Kurtinaitis and Pashutin stole the headlines, but Tsmoki-Minsk also made a move at head coach as Rostislav Vergun took Aliaksandr Krutsikau’s spot. The results on the court, however, have yet to improve. The Belarusians were blown out by Khimki and CSKA and remain the worst team in the League. 

Loko and Zenit make progress, Nizhny climbing the standings

While the top-three teams suffered setbacks, the two remaining teams in the top-five are beginning to pick up steam. Loko and Zenit have the longest active winning streaks (five and three games, respectively). 

Both these teams did not look very good at the start of the season and already changed coaches. Kuban rebounded first, going undefeated in January with three wins and drawing to within a game of 3rd-place UNICS. 

St. Petersburg had a bigger hole to climb out of. New coach Joan Plaza is still implementing his system and has had to deal with numerous injuries in the process. Nonetheless, under his leadership, the Blue, White and Sky Blues have displayed an attractive, attacking style, which is delivering results.

Nizhny Novgorod’s steady climb also deserves attention. The Volga club has not always been very consistent this season, but January was very good to the team. Nizhny picked up three wins in four outings and is now in good position to reach the playoffs.

Group of playoff hopefuls takes shape

The group of teams likely to compete for the final playoff spots emerged in January. Zielona Gora, PARMA, VEF and Tsmoki-Minsk combined for only two wins (both in games against each other), significantly reducing their chances at a top-eight finish. The four teams now trail 10th-place Enisey by three wins, a huge gap to make up with only 10-12 games remaining. 

Among the teams in contention, however, the fun is only starting. Astana’s slump; strong performances by Zenit, Nizhny Novgorod and Enisey; and Avtodor and Kalev’s consistency all have made for a muddled playoff picture. Only two wins separate 5th-place Zenit and 10th-place Enisey. Each of these teams has shown it can spring an upset. As the season enters the home stretch, there are likely to be even more surprising results, making for a wild, unpredictable finish.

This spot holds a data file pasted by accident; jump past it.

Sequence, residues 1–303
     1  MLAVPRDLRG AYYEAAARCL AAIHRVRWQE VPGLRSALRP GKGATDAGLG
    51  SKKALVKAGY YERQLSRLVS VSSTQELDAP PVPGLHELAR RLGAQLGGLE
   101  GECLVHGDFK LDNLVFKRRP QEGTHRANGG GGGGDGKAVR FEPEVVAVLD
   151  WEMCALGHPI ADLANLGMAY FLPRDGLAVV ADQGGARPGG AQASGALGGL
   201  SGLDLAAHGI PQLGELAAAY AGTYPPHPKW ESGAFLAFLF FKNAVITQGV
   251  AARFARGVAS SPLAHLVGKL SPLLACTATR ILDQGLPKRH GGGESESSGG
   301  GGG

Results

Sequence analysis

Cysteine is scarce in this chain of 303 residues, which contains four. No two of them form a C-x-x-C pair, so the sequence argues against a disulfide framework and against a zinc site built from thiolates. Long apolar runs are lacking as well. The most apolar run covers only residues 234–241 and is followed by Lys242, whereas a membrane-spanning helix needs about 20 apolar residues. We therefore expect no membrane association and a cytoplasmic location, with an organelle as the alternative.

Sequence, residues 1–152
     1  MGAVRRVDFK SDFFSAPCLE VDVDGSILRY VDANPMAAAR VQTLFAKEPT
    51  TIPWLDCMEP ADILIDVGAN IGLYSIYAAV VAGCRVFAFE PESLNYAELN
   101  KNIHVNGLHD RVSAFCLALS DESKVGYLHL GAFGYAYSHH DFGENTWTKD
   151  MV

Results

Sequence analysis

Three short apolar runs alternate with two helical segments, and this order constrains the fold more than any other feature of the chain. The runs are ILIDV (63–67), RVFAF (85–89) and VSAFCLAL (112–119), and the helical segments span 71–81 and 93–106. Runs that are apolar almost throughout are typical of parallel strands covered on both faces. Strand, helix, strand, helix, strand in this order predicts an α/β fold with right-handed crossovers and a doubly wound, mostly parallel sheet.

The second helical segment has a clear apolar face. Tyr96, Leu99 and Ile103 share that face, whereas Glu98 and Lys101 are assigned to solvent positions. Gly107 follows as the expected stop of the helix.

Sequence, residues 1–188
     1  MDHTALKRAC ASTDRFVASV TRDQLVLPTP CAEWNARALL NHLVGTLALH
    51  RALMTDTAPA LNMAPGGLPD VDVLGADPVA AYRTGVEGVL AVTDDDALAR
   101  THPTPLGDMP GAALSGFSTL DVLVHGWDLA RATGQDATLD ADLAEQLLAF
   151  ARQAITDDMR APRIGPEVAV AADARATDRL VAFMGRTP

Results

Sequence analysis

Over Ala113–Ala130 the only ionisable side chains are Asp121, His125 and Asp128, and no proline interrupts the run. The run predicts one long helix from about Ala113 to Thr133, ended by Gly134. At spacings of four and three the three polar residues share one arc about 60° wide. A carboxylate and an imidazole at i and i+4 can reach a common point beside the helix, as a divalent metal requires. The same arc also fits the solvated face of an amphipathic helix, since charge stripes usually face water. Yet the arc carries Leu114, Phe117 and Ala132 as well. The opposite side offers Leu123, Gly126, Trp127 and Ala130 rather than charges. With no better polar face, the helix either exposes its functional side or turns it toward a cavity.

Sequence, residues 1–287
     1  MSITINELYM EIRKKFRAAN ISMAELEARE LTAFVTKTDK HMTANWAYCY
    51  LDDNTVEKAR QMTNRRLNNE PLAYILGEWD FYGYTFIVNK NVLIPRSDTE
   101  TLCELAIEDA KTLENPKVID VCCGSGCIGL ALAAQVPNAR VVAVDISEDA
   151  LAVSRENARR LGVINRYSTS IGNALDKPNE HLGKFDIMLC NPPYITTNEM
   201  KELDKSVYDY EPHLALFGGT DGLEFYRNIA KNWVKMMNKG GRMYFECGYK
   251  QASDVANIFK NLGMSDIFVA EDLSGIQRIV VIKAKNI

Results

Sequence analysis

Clubs get busy in free agency

Most teams have stayed busy in free agency, despite the start of the season. Six new players were signed in November and five in December. January exceeded both with eight players joining VTB League teams. 

It’s too early to tell what kind of impact the moves will have. Timofey Gerasimov and Evgeny Beliankov, for example, are unlikely to play a big role at Nizhny Novgorod and Tsmoki-Minsk, respectively. They were signed based on future potential (Gerasimov) or to extend the rotation at least a little (Beliankov). 

Eric Griffin was only here for a flash. The leading scorer for Zielona Gora on January 6, he scored 11 points in his debut. But Griffin only lasted for 10 days, leaving the club on January 15. 

The rest of the January signings should have a bigger impact. Tony Wroten was once an up-and-coming player in the NBA and looks to give Kalev a boost down the stretch. Talented Serbian center Dragan Apic should add depth to Loko’s frontcourt. Michael Bruesewitz should make Enisey more dangerous on the perimeter. The forward replaced Tyler Stone, who was unable to mesh with the Siberian club’s style of play.

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The biggest success stories so far belong to Ian Hummer and Ken Brown. Hummer was a huge part of Nizhny Novgorod’s successful month, recording a double-double in a tough road win vs. VEF (16 points, 14 rebounds). Brown, meanwhile, has yet to help PARMA to a win. But he did set the season record for assists, 16, in only his second outing.